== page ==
Female Afghan robotics team overcomes visa challenges to compete in US
Six Afghan girls almost failed to make it to Washington, DC to participate in the first Global Challenge robotics competition.
The event was in headlines before it kicked off, because the all-girl team from Afghanistan had their US visas rejected twice before a last-minute intervention by US President Donald Trump. 
The Afghan girls want to tell the world that even though people may not believe it, Afghan women can make robots too. "We were so interested, because we find a big chance to show the talent and ability of Afghans,” said Rodaba Noori, one of the team members.
The girls' struggle to overcome war, grit, tenacity and visa obligation to the US have made their team stand out among other competitors. Critics had argued that the denial of the visas was the wrong message to the people of Afghanistan, where US-led forces have been helping to fight Taliban extremists for 16 years.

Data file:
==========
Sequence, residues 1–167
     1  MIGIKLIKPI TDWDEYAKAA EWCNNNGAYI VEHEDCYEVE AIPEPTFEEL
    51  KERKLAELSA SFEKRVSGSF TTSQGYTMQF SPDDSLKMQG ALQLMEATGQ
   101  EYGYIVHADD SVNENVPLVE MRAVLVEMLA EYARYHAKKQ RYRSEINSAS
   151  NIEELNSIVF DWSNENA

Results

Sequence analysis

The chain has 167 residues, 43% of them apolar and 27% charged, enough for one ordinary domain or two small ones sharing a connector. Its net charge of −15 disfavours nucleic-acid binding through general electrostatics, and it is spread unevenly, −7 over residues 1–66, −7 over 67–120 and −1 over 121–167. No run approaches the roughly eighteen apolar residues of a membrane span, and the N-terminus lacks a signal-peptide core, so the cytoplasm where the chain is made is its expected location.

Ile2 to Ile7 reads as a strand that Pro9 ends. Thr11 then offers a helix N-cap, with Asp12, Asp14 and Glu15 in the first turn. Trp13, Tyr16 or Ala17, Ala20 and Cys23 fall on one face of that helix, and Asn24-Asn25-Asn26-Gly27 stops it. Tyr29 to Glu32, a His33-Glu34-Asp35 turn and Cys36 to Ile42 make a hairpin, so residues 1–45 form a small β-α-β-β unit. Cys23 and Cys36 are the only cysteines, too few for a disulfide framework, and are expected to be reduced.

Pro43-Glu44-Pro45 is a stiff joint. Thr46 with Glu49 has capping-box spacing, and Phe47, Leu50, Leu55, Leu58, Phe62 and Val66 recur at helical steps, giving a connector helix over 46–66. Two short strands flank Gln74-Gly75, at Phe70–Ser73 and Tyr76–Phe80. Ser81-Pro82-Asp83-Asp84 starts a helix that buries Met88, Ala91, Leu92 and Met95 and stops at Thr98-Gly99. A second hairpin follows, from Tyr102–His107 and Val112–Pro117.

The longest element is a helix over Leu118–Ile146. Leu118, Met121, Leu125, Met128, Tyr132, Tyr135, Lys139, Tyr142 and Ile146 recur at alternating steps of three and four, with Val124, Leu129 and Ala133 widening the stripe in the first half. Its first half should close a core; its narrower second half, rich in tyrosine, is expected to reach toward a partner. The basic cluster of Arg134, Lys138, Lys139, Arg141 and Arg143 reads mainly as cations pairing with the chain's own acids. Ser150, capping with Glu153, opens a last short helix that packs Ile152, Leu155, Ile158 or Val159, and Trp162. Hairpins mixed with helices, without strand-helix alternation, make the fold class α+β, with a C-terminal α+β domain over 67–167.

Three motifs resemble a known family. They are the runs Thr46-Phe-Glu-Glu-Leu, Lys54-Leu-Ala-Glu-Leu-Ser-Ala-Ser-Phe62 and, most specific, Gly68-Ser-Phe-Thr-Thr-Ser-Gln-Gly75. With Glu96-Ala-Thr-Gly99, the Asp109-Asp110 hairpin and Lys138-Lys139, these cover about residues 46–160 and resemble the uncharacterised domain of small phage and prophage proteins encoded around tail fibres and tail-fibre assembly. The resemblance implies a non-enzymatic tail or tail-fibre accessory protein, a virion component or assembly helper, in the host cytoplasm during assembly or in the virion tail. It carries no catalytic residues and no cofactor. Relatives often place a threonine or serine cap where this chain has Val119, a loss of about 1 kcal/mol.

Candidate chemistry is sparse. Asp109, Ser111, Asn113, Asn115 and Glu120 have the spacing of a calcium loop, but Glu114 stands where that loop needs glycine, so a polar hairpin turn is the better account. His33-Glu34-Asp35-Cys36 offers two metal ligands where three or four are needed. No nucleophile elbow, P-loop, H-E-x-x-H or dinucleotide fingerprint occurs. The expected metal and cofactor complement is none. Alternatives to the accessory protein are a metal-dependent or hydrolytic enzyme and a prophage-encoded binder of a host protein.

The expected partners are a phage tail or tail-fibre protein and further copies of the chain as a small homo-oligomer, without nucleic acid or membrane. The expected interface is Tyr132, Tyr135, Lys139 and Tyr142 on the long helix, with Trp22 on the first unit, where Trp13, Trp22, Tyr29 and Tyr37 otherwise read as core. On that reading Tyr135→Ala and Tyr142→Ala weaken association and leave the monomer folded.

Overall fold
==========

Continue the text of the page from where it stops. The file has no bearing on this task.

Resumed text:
It wasn’t just Team Afghanistan celebrating permission to participate. Team Gambia also had their visas approved last week after being denied the first time.
Days before the competition was to start, the Department of Homeland Security had granted the Afghan team members and their chaperon a “parole,” which allows them a one-time, temporary entry into the country for humanitarian reasons, according to The Washington Post. 
President Trump issued a temporary travel ban early in February, saying people from six Muslim majority countries need “close family” relationship in the US to be allowed to enter the country. However, as Afghanistan isn't on the travel ban list, the visa denial, unaccountable as seen by many, was done without any explanation.